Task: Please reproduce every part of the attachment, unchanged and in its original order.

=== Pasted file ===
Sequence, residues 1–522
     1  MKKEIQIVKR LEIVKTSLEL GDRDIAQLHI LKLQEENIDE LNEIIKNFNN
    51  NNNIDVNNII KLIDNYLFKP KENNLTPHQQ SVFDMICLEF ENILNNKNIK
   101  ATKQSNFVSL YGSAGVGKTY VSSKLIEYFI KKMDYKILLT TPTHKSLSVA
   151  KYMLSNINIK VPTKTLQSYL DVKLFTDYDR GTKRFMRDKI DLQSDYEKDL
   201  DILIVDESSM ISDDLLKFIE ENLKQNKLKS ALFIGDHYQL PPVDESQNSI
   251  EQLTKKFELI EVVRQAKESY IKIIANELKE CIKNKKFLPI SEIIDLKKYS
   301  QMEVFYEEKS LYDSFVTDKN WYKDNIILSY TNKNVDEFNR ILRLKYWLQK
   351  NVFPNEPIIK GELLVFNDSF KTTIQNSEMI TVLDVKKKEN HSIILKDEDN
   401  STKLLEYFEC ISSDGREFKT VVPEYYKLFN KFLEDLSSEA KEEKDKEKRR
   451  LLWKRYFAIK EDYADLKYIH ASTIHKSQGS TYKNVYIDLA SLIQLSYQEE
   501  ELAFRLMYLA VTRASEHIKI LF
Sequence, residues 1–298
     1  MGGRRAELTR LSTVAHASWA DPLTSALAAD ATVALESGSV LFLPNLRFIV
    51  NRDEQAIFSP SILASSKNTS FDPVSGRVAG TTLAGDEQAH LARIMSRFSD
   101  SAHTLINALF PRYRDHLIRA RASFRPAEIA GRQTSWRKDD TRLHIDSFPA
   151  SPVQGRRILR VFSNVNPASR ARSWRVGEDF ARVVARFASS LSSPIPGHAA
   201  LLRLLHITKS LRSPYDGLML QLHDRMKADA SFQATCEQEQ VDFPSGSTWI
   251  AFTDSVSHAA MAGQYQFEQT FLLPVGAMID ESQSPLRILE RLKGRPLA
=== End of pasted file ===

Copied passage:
Sequence, residues 1–522
     1  MKKEIQIVKR LEIVKTSLEL GDRDIAQLHI LKLQEENIDE LNEIIKNFNN
    51  NNNIDVNNII KLIDNYLFKP KENNLTPHQQ SVFDMICLEF ENILNNKNIK
   101  ATKQSNFVSL YGSAGVGKTY VSSKLIEYFI KKMDYKILLT TPTHKSLSVA
   151  KYMLSNINIK VPTKTLQSYL DVKLFTDYDR GTKRFMRDKI DLQSDYEKDL
   201  DILIVDESSM ISDDLLKFIE ENLKQNKLKS ALFIGDHYQL PPVDESQNSI
   251  EQLTKKFELI EVVRQAKESY IKIIANELKE CIKNKKFLPI SEIIDLKKYS
   301  QMEVFYEEKS LYDSFVTDKN WYKDNIILSY TNKNVDEFNR ILRLKYWLQK
   351  NVFPNEPIIK GELLVFNDSF KTTIQNSEMI TVLDVKKKEN HSIILKDEDN
   401  STKLLEYFEC ISSDGREFKT VVPEYYKLFN KFLEDLSSEA KEEKDKEKRR
   451  LLWKRYFAIK EDYADLKYIH ASTIHKSQGS TYKNVYIDLA SLIQLSYQEE
   501  ELAFRLMYLA VTRASEHIKI LF
Sequence, residues 1–298
     1  MGGRRAELTR LSTVAHASWA DPLTSALAAD ATVALESGSV LFLPNLRFIV
    51  NRDEQAIFSP SILASSKNTS FDPVSGRVAG TTLAGDEQAH LARIMSRFSD
   101  SAHTLINALF PRYRDHLIRA RASFRPAEIA GRQTSWRKDD TRLHIDSFPA
   151  SPVQGRRILR VFSNVNPASR ARSWRVGEDF ARVVARFASS LSSPIPGHAA
   201  LLRLLHITKS LRSPYDGLML QLHDRMKADA SFQATCEQEQ VDFPSGSTWI
   251  AFTDSVSHAA MAGQYQFEQT FLLPVGAMID ESQSPLRILE RLKGRPLA